Some material safety data sheets will contain safety information required by other countries, or information you would need to know if you were a freight company transporting the product. This information can make an MSDS look even more complicated than it really is. And, no matter how hard you try to learn how to interpret MSDSs, the next one you look at will contain some term or acronym you have never heard before. Don't worry. You can always ask your supervisor. That's why he/she makes the big bucks. Or, even better, you can call the information phone number given on the MSDS and ask them.
Some MSDSs (like ServiceMaster's) will let you know if different precautions are necessary when handling the product as a concentrate, or in a diluted, ready-to-use form. You might pull the sheet for SaniMaster III to see an example. Other products packed as a concentrate but used in a diluted form will not make any distinction. Check the sheet for Hillyard's QT to see an example of this.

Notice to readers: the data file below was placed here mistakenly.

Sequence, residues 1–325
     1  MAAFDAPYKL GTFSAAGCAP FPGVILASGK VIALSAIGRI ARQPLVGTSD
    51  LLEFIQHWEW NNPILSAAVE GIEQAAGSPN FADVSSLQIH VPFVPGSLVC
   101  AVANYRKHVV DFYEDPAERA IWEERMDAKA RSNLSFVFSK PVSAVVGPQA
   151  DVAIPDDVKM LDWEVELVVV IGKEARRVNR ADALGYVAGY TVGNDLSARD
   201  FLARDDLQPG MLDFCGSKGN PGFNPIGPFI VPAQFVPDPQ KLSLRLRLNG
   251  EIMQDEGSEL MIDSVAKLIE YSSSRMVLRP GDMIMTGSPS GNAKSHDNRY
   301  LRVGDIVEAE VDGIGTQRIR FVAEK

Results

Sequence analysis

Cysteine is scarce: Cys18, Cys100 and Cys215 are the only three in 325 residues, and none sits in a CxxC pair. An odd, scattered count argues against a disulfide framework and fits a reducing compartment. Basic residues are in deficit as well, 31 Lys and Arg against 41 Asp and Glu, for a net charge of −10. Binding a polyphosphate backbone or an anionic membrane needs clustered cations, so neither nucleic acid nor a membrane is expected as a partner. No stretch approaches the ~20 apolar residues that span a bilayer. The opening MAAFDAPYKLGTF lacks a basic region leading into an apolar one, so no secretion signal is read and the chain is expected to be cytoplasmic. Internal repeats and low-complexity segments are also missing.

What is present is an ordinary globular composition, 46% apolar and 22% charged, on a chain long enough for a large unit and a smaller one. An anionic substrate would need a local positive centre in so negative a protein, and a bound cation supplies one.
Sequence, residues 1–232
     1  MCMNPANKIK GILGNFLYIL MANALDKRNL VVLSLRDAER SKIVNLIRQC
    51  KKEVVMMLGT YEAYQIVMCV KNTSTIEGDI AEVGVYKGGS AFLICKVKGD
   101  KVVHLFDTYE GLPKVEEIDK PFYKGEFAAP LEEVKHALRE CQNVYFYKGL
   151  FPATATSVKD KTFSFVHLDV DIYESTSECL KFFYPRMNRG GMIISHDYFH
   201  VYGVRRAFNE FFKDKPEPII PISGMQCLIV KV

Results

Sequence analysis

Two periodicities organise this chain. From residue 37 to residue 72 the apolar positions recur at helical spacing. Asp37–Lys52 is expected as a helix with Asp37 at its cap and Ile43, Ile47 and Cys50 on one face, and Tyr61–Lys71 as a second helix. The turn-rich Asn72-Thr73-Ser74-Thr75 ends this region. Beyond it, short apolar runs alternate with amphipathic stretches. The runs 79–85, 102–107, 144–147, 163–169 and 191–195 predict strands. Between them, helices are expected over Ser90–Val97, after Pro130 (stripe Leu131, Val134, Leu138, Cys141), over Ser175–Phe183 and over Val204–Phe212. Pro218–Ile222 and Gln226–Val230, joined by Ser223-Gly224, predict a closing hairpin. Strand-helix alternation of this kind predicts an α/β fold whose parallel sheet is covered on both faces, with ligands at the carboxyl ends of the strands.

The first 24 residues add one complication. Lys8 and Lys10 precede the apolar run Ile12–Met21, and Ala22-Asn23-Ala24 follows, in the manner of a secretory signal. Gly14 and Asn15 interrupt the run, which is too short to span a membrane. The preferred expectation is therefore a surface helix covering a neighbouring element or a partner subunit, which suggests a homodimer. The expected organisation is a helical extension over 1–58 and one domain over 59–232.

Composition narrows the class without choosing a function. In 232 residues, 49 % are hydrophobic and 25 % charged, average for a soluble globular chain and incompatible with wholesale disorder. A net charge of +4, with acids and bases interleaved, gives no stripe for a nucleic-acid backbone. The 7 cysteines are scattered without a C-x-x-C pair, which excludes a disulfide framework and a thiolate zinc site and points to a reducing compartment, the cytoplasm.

In addition to reading and following MSDS, you can help create a safer work and learning environment by avoiding or minimizing the use of hazardous materials and by reducing your inventory of hazardous materials.
Now that you have finished this training on MSDSs, it might be a very good time to go check out one of the sets of MSDS books at your school. Remember where they are? We told you back at the start. If you need to refresh your memory, click on the button at the bottom of this page. If nothing else, please remember where to find the material safety data sheets at your school.
Thanks for your attention.